One would have thought the Government would have agreed to a further election to test public opinion rather than to supersede the local authority. It is well to know what precisely the Government is going to do in placing this Bill on the Statute Book. Is it to be applied to West Ham only, or to the other long list of boards of guardians who have now reached the end of their financial resources? Because what it comes to is: not that boards of guardians are to be superseded because of proved malpractices, or because they are unfit to discharge their duties, but because, by sheer accident in their particular areas, all their resources from the rates are for the time being inadequate to meet the demand made upon them. In other words this Bill, once it is brought into operation, will, in practice, be brought into operation only because the unions are in financial difficulties. For the most part those unions will be unions where there is a large amount of poverty, because their reserves are exhaustive, and because they are poor and have fallen into the clutches of the right hon. Gentleman. In other words the curse of the poor is their poverty, and the poorer they are the more readily will they come under the provisions of this Bill.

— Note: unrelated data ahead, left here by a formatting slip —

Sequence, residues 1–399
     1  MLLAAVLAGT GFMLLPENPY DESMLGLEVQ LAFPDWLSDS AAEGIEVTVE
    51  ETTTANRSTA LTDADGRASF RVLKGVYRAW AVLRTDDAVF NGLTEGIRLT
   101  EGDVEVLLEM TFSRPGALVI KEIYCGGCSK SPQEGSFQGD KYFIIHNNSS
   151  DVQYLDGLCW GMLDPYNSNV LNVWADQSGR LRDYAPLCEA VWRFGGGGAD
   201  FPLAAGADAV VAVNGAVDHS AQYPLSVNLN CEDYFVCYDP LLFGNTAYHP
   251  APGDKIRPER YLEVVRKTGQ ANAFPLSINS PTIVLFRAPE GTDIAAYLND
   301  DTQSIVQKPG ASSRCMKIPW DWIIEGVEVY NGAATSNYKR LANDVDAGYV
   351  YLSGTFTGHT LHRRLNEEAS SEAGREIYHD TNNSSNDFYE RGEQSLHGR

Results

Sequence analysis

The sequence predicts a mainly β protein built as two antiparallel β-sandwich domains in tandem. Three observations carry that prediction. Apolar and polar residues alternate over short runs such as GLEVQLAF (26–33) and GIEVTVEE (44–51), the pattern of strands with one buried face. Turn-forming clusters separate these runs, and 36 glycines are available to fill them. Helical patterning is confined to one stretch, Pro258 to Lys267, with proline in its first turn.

Two months ago, during the great strike, the sacred name of democracy was invoked. The strike was regarded by some as a challenge to democratic government. We believe that this Bill is as great or even a greater challenge to democratic government. I should like to remind the House as to what was said on this point of constitutional government during those days. That great organ of British opinion now deceased, the "British Gazette," said every day: Believe nothing until you see it in the British Gazette.' These are some of the things said eminent people on this question of constitutional government, and reported in the "British Gazette." Viscount Grey in that paper said: It is by democratic government that liberty has been won; by this alone can it be maintained. The alternatives are Fascism or Communism. Both of these are hostile and fatal to liberty. That is our charge against this Bill. The right hon. Gentleman the Minister of Health has chosen the alternative of Fascism. Earl Balfour in the same illustrious organ of Government opinion said: Revolutionary methods would be completely powerless except for evil. We regard this Bill as a revolutionary Measure. We believe that its result will be evil, and nothing but evil. What in those days was said by the Prime Minister? He used these words: Constitutional government is being attacked. … The laws of England are the people's birthright. The laws are in your keeping. But the Minister of Health proposes to take the laws out of the keeping of the people who have been democratically elected for the purpose! It seems to me the explanation of this different attitude of mind on two occasions, separated by only a few weeks, is, largely, panic. In a further issue of the "British Gazette," Mr. Rudyard Kipling is quoted in these words: From panic, pride and terror, Revenge that knows no law, Light, haste and lawless error, Protect us yet again. That is our plea against this Bill. We ask to be protected against panic, pride and the terror of the Government, from their revenge upon local authorities who are ill-equipped with resources, and we object to the haste and the lawless error of the right hon. Gentleman. A few days ago the Minister of Health defended the Coal Mines Bill in this passage: The Bill would not compel anybody to work eight hours, but it allows miners to do so if they choose. The idea of allowing people to do what they like had shocked the Socialist party. The ides of West Ham doing what it likes has shocked the right hon. Gentleman. The party opposite are prepared on one occasion to invoke freedom and liberty and constitutional government; and on another occasion, for motives which are perhaps not obscure, they are prepared to discard them—unless they can be invoked in furtherance of their own policy. It has been repeatedly said that this Bill is based upon the situation in West Ham. If it is true that it has been introduced solely to deal with the situation in West Ham, it is a preposterous and complicated way of handling that problem. To think that the whole engine of legislation should be brought into play by the Imperial Parliament to deal with a small body of people in West Ham! It is an affront to the dignity of this House, and an exhibition of the right hon. Gentleman's bankruptcy.